sometimes used for large numbers of low cost assets Retirement and Replacement methods sometimes used if have large number of similar assets replaced on constant schedule Retirement method FIFO approach Replacement method LIFO approach Examples ACCT-3030

4. Depreciation Methods Partial years
conventions – must be used consistently half year in first and last year full year in first year and none in last year none in first year and full year in last year nearest month SYD prorate 12-month blocks of depreciation between years DB use partial year fraction in first year only Example ACCT-3030

5. Changes in Depreciation
Change in accounting estimate method, salvage, or life Depreciate remaining BV over remaining life Example Cost = \$11,000 Salvage = \$1,000 Life = 5 years Date Acquired = January 1, 2012 ACCT-3030

5. Changes in Depreciation
SL depreciation: 11,000 – 1,000 / 5 = 2,000 During 2015, changed life from 5 years to 7 New depreciation used for 2015 and forward BV on 1/1/2015 Cost \$ 11,000 Accum Depr (2000 x 3) \$ 6,000 BV \$ 5,000 New Depreciation Amount 5, / 4 = 1,000 ACCT-3030

6. Depletion Depreciable assets retain their physical characteristics as used Natural resources (coal, gas, oil) are used up as natural resources used up cost of natural resources allocated to units extracted Use the units-of-production method determine depletion base (acquisition cost, development cost, carrying cost) estimate recoverable units calculate depletion rate: Cost of Natural Resource – Residual Value Estimated Recoverable Units ACCT-3030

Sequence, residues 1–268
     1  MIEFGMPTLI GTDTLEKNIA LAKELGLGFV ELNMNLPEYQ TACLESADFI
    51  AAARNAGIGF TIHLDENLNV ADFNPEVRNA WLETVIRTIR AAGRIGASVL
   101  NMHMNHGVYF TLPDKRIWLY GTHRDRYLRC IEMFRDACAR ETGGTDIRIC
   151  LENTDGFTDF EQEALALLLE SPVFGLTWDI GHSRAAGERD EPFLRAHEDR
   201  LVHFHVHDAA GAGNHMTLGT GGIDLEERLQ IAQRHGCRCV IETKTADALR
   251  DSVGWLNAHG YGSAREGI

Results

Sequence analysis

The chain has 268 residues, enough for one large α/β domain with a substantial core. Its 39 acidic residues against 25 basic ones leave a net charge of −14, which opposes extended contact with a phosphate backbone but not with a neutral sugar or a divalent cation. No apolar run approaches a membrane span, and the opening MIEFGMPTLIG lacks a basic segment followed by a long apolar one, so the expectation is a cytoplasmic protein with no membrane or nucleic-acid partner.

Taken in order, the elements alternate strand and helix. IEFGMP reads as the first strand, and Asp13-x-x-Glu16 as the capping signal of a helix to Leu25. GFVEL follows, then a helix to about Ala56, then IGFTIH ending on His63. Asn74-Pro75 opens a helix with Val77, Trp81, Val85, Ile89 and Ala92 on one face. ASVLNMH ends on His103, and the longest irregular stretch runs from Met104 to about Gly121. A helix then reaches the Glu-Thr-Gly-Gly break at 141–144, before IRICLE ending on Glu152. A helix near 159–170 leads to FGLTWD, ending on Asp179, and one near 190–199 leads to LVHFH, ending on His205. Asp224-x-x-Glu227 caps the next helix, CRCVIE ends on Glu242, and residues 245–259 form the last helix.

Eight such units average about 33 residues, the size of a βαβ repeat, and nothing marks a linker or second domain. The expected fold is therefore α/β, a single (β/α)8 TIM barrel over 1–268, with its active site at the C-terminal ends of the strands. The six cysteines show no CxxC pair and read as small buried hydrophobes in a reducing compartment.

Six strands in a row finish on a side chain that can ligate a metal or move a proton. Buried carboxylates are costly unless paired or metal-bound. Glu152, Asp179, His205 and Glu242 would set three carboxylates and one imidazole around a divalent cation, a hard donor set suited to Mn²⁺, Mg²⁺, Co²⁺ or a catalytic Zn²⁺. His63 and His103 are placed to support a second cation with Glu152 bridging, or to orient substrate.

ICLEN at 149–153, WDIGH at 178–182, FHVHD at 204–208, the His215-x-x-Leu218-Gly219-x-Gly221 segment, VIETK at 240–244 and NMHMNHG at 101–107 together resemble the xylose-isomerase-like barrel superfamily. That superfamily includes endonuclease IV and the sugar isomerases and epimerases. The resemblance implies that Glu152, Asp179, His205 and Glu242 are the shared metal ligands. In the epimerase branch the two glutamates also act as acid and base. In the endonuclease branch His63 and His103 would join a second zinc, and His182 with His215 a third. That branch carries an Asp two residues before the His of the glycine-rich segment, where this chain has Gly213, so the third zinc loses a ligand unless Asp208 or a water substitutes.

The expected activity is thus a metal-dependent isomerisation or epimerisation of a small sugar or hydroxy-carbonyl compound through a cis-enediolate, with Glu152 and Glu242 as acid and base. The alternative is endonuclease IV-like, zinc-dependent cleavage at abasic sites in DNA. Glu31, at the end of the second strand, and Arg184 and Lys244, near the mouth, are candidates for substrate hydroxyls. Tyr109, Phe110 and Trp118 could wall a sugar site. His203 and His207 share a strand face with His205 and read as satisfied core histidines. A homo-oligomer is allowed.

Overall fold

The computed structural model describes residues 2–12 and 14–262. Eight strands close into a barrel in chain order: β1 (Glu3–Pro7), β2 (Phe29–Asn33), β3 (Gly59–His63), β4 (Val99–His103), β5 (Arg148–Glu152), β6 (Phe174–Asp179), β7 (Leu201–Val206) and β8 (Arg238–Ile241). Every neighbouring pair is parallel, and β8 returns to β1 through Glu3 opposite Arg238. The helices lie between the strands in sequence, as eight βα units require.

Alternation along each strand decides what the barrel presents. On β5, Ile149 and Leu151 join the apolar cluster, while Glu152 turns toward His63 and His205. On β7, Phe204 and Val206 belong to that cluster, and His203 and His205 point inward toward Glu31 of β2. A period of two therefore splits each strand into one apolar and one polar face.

6. Depletion Example ABC Mining acquired a tract of land containing ore deposits. Total costs of acquisition and development were \$1,100, ABC estimated the land contained 40,000 tons of ore, and that the land will be sold for \$100,000 after the coal is mined. What is ABC’s depletion rate? ACCT-3030

6. Depletion Solution Depletion rate = 1,000,000 ÷ 40,000 Tons = \$25 Per Ton Assume ABC mined 13,000 tons this year. What is the total amount of depletion for the year? Depletion = 13,000 tons × \$25per ton = \$325,000 What is the amount of CGS for the year? ACCT-3030

7. Impairments An impairment occurs when expected future net cash flows (undiscounted) of an asset are less than the asset’s carrying amount ACCT-3030

7. Impairments Test for impairment
review events for possible impairment apply recoverability test to determine if impairment has occurred impairment occurs if sum of expected future net cash flows (undiscounted) is less than asset’s carrying amount if impairment has occurred recognize impairment loss for amount by which the carrying amount of the asset exceeds fair value of asset fair value is market price if active market exists if no market, use present value of expected future net cash flows ACCT-3030

7. Impairments if impaired asset is held for use
new cost basis of asset is the reduced carrying amount depreciation is taken on new cost basis over asset’s remaining useful life write-ups of asset’s value are not allowed if impaired asset is intended to be disposed of reported at the lower-of cost-or-net realizable value recovery of impairment loss is allowed but write-up cannot exceed carrying amount of asset before impairment ACCT-3030

7. Impairments ACCT-3030